There’s no doubt that many of us are becoming more aware of how our daily lifestyles and beauty routines can potentially damage the environment.
We’re all starting to recycle more often, save energy and perhaps swap some of the products we use for eco-friendly alternatives.
There’s one essential personal care item that most homes will have at least one bottle of: shampoo.
Many of us wash our hair at least several times a week, and some of us will use shampoo every day.
But have you ever thought what happens to the shampoo suds that wash away down the plug hole every time you wash your hair?
Most of us won’t have paid attention to the list of ingredients in our shampoo, but most will contain elements such as sulphates, sodium chloride and silicone.
Every time we wash our hair, these elements are washed away down the drain into our waterways, but scientists are becoming increasingly concerned that even modern water treatment works are unable to remove them.
If you check nearly any bottle of shampoo, it’s like to contain sulphates.
One of the most common sulphates found in shampoo is sodium lauryl sulphate (SLS), which cleans hair and also produces the familiar foamy texture.
However, SLS can irritate the scalp, so more and more people are opting for SLS-free shampoos.
Parabens are another potentially worrying ingredient found in shampoo.
Used as preservatives to prevent bacteria forming in shampoo, there’s a chance that they’re harmful to humans, and some studies have shown that some parabens can mimic the activity of hormones and have been linked to an increase in breast cancer. See some recommended paraben-free shampoos here.
It’s not just humans at risk too.
When not treated fully in water treatment plants, the surfactants in detergents affect the natural defences of marine life against chemical substances and pathogens.
How Does Shampoo Work?
Washing our hair with just water alone usually isn’t enough to remove the oil the scalp produces (known as sebum).
Detergents in shampoo contain surfactants which lower the surface tension between the water and the sebum. Each surfactant molecule has a hydrophilic head which attracts water, and a lipophilic tail to attract oil.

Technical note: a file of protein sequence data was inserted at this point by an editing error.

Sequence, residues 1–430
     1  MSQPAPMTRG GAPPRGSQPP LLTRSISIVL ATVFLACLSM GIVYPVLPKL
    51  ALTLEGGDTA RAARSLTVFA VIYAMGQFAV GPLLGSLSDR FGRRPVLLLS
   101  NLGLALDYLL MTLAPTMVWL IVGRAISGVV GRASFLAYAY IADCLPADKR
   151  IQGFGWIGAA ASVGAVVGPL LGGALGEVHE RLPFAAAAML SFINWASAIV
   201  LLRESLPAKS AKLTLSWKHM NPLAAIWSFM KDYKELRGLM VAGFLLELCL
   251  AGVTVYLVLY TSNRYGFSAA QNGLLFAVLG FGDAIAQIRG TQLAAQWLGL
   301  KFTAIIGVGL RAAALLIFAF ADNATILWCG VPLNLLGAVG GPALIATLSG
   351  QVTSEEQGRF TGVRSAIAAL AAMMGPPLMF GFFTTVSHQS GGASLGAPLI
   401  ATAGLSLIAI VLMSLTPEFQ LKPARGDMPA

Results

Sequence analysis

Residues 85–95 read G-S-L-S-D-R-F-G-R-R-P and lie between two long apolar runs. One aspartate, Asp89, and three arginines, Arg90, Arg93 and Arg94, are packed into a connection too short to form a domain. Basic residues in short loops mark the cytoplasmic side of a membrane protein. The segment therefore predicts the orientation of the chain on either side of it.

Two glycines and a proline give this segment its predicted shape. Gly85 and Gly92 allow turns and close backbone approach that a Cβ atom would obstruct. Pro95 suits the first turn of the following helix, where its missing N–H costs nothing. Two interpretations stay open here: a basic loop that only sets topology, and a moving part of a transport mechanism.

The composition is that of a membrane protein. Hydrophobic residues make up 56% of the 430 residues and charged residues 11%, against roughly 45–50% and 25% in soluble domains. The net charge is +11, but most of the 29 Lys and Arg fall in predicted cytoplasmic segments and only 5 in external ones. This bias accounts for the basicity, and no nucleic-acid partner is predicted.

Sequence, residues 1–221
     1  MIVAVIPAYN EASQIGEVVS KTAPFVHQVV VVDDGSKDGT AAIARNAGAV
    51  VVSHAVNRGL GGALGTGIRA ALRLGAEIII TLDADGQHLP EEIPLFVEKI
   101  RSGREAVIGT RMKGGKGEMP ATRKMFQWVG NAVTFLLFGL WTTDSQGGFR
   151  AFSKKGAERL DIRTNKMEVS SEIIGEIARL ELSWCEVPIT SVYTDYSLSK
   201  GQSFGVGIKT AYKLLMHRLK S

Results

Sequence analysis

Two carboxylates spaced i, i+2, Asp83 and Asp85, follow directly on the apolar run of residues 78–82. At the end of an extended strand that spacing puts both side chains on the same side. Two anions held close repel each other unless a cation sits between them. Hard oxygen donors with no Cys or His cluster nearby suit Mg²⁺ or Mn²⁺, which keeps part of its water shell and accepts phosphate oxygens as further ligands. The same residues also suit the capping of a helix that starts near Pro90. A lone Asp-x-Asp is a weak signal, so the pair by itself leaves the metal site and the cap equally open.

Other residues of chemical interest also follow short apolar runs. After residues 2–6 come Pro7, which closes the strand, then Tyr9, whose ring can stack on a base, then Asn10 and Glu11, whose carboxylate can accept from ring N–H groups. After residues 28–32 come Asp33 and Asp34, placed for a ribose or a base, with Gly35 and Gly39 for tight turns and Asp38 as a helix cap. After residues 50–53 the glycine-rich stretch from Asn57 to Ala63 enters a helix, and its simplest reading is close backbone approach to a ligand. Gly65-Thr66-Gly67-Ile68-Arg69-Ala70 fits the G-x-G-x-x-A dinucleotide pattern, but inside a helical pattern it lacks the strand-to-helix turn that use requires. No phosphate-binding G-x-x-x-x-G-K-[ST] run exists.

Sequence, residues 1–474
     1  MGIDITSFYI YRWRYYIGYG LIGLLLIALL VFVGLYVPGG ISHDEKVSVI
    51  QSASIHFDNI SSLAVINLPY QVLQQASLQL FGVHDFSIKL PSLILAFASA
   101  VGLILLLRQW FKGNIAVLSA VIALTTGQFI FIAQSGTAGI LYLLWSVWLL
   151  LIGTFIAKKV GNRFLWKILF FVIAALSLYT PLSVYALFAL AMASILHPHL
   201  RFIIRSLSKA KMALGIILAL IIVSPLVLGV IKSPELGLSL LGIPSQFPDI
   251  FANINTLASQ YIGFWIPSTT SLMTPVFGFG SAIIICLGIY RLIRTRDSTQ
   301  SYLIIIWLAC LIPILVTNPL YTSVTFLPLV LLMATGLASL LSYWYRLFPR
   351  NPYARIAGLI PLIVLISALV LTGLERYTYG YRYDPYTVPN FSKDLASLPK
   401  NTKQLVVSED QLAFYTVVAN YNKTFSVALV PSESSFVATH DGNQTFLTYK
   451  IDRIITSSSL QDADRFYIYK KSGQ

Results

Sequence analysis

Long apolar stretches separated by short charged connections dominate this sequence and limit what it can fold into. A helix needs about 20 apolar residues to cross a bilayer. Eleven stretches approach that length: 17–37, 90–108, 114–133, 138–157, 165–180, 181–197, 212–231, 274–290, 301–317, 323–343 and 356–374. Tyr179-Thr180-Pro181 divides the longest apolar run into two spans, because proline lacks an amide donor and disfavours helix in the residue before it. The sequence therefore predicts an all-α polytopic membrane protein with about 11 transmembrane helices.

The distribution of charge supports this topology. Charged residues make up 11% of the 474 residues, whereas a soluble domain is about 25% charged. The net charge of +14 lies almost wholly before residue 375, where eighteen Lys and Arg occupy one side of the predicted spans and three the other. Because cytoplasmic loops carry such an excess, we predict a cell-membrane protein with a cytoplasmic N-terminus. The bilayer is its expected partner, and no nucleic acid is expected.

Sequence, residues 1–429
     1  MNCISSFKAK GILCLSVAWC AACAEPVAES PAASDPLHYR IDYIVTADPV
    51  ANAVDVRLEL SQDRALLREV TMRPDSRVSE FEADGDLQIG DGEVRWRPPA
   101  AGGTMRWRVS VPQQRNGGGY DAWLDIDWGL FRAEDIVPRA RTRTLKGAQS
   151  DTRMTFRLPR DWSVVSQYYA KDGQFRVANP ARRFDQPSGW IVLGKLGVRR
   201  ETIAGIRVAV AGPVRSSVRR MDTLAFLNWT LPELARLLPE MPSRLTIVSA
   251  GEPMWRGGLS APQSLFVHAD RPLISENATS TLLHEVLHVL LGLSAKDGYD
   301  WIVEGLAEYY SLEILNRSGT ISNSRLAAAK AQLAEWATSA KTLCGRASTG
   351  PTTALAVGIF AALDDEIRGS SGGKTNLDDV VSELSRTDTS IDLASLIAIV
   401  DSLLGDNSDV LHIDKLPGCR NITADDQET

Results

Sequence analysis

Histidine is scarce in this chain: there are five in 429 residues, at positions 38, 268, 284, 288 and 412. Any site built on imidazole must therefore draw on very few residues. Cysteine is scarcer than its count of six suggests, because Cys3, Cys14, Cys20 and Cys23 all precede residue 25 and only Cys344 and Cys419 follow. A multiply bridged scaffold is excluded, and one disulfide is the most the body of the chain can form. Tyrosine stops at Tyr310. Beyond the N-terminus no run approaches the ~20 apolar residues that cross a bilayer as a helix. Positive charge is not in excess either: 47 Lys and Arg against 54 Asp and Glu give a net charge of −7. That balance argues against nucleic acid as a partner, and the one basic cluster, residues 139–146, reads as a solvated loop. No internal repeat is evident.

When you rinse your hair, the water is pulled along by the hydrophilic head of the surfactant, washing detergent away from the hair and scalp and down the drain.
If you’re concerned about the potential risks of every day shampoo, you might want to consider a biodegradable shampoo that won’t not contaminate our water systems and with ingredients that will fully biodegrade without causing harm to the environment.
To be considered fully biodegradable, a shampoo mustn’t contaminate water or soil wherever it is disposed of, either down the drain and into the water system, or in landfill.
A fully biodegradable shampoo should be made from “ingredients that can decompose completely, often with the aid of bacteria” (source).
Biodegradable shampoos tend to use bio surfactants organically grown from microbes to clean the hair, instead of elements such as sodium lauryl sulphate.
And it’s good news when it comes to cleaning your hair with biodegradable shampoos—they can be just as effective, and they’re also safer if you have a sensitive scalp.
Even hairdressers recommend shampoos that are free from sulphates and parabens, particularly if you’ve had a straightening treatment or hair extensions which can both be damaged by using regular shampoo.
Biodegradable shampoos are becoming more widely available, and you can always try making your own from natural ingredients.
Clare began her career as a technical writer, but since having her boys has worked mostly from home writing content for various websites, including health and beauty and educational resource sites.